Battle of Moytirra II - The Sons of Tuireann

The preparations for war were to last for seven years and it was during this period that the following tale of adventure occurs:

In spite of the dethronement of Bress, the Fomors still claimed their annual tribute from the tribe of the goddess Danu, and sent their tax-gatherers, nine times nine in number, to Balor's Hill to collect it. But, while they waited for the gods to come to tender their submission and their subsidy, they saw a young man approaching them. He was riding upon Splendid Mane, the horse of Manannan Mac Lir, and was dressed in Manannan's breastplate and helmet, through which no weapon could wound their wearer, and he was armed with sword and shield and poisoned darts. Like to the setting sun , says the story, was the splendour of his countenance and his forehead, and they were not able to look in his face for the greatness of his splendour. And no wonder! for he was Lugh the Far-shooter, the new-come sungod of the Gaels. He fell upon the Fomorian tax-gatherers, killing all but nine of them, and these he only spared that they might go back to their kinsmen and tell how the gods had received them.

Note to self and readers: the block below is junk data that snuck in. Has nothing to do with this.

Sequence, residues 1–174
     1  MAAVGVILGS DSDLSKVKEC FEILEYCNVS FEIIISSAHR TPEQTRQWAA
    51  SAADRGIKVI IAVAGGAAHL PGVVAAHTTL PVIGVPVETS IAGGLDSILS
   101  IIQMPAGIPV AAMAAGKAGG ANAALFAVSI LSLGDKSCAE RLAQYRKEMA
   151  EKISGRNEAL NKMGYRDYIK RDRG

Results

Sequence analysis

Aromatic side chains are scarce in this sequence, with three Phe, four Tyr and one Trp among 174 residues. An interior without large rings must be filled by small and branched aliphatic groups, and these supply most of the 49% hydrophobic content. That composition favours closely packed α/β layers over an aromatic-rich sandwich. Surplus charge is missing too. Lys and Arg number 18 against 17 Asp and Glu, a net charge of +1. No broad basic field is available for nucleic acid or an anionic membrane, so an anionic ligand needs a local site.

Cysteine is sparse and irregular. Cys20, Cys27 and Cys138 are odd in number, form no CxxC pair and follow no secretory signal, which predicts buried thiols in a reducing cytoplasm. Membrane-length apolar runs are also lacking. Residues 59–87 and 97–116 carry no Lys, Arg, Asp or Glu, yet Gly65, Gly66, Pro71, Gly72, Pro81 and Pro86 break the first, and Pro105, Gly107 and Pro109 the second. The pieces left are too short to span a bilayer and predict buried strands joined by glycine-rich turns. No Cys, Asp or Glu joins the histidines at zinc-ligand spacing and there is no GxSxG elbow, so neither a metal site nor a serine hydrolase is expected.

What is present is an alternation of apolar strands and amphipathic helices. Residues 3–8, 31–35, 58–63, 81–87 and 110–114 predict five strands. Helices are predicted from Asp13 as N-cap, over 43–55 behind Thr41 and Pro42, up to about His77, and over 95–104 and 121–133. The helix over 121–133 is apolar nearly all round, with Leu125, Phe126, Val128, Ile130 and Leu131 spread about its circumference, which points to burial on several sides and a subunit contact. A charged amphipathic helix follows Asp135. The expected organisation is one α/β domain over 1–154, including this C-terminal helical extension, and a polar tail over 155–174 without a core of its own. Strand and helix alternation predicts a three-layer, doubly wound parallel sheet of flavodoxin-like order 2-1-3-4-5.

There was consternation in the under-sea country. Who can this terrible warrior be? asked Balor. I know, said Balor's wife; he must be the son of our daughter Ethniu; and I foretell that, since he has cast in his lot with his father's people, we shall never bear rule in Erin again.
The chiefs of the Fomors saw that this slaughter of their tax-gatherers signified that the Tuatha De Danann meant fighting. They held a council to debate on it. There came to it Elathan and Tethra and Indech, kings of the Fomors; Bress himself, and Balor of the stout blows; Cethlenn the crooked tooth, Balor's wife; Balor's twelve white-mouthed sons; and all the chief Fomorian warriors and druids.